SPARROWHAWK

SPARROWHAWK

Percy was stuck indoors. Probably had some kind of hangover. Admittedly it was cold. I had football socks on and two pairs of gloves, my ex-army greatcoat over a couple of thick woolies, a scarf wrapped round my head and a bobble hat pulled on top. Anyway, I asked his mum to say I’d called and I went off on my own.

All the leaves and grass were edged with frost and the trees were all coated with white. It was really quiet. Suppose nobody else was daft enough to be out. But I had some nuts, bacon rinds and a tub of marg with seeds in it. I thought I’d get into the central clearing and sit for a bit to see what happened. I reckoned some birds could do with an easy feed.

Well, it didn’t take long. I sat on a log. I could hear skittering and soon a blackbird kind of chattering in the undergrowth as though it was practising. A nervous blue tit all fluffed up. Then I saw a flash of pink, dull sort of pink. Or did I? A jay perhaps. I stayed still but I didn’t see it again.

Then I realised my toes had gone numb and I thought I’d better move. My nose must have been blue. Anyway I needed a piss. But there was a flash to my right and out of the undergrowth whizzed a sparrowhawk. Birds scattered and cried. Or cried and scattered. I moved my eyes but nothing else then carefully I moved my chin and saw the sparrowhawk covering something with its wings. It was about a cricket pitch away from me. The bird moved and I saw it had a blackbird in its talons. I don’t think I breathed as I watched the smaller bird pulled apart by that cruel, hooked beak.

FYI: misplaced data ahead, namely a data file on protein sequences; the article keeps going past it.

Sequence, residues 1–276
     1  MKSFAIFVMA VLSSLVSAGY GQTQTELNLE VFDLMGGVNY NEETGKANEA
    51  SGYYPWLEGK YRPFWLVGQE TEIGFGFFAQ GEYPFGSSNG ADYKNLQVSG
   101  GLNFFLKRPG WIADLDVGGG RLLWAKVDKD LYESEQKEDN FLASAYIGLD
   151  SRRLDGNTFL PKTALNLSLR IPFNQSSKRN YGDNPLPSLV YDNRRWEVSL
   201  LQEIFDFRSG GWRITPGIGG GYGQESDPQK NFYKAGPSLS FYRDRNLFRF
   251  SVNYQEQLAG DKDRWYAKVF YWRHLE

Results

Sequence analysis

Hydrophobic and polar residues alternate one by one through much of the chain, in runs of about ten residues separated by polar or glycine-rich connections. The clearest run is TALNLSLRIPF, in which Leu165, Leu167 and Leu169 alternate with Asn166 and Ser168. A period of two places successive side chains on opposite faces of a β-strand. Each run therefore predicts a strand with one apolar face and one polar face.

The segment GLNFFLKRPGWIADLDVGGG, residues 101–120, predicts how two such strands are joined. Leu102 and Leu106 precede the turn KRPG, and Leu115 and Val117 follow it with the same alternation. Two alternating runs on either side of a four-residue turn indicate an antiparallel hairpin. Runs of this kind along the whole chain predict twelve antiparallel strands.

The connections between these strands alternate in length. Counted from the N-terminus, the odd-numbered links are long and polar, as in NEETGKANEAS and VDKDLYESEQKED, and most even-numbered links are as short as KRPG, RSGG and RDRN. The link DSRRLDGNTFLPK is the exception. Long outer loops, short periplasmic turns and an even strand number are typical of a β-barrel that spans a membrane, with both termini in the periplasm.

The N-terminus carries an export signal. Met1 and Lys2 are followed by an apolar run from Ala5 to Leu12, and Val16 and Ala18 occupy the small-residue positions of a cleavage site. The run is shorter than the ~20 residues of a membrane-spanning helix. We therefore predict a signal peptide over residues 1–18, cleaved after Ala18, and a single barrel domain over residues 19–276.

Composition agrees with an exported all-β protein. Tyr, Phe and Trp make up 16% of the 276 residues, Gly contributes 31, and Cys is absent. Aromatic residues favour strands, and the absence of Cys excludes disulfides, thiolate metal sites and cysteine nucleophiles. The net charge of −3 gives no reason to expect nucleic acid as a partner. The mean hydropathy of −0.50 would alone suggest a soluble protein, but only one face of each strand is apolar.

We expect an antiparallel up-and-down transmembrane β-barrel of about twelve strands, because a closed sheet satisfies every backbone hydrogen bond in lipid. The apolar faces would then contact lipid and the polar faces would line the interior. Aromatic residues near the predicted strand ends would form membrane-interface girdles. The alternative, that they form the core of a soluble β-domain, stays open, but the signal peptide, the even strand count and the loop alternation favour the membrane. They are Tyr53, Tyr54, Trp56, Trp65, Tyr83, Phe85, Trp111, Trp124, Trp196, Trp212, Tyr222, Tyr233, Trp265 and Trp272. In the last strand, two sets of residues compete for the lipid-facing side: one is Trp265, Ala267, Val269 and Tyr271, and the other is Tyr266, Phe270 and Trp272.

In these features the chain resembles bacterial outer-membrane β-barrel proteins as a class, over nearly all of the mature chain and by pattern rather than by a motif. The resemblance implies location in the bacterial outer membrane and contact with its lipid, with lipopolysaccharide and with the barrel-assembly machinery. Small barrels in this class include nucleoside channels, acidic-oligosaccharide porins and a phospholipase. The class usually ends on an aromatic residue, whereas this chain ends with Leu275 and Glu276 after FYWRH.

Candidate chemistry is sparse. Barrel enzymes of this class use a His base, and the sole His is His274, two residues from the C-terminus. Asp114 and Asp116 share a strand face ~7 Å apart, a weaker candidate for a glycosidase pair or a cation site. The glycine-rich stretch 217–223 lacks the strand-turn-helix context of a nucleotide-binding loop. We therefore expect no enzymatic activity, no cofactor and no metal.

I’d decided to take a bigger route home, past Giddy Widdop’s caravan. When I got there, Giddy sat on a log a fire smoking and smouldering in front of him. He was well wrapped up but the door to the van was open. As usual, I couldn’t make out much inside. Did he really live there?

I moved closer to the smouldering heap, turned my hands towards the heat. Smoke drifted away from me but I could smell something else. Roasting meat.

“How do,” I said.

He nodded. “Na then.”

“Cold enough for you?”

“‘Appen,” he mumbled.

“Got a decent fire though.”

He had a stick in his hand and used it to turn something on the fire. I followed the line of his arm and the stick to see singed fur. He regularly kept ‘vermin’ as he called them, hanging, dripping and rotting. Crows he found, rats, a fox. I think he snared some of them but on the fire that day was something else.

“What you got there?” I was curious but I might be horrified by his answer.

“Dinner,” he said.

I was relieved. It could have been a rabbit. To be honest, it looked like a squirrel. Even through the scarf I wrapped round my jaw and the smoke from the pink glow I got a tang of that spicy smell that was always around him.

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